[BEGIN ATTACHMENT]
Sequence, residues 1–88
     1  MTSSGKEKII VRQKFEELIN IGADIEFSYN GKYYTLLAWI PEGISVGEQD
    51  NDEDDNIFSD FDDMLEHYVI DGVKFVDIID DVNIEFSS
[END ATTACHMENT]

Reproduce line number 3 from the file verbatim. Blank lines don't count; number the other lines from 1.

    51  NDEDDNIFSD FDDMLEHYVI DGVKFVDIID DVNIEFSS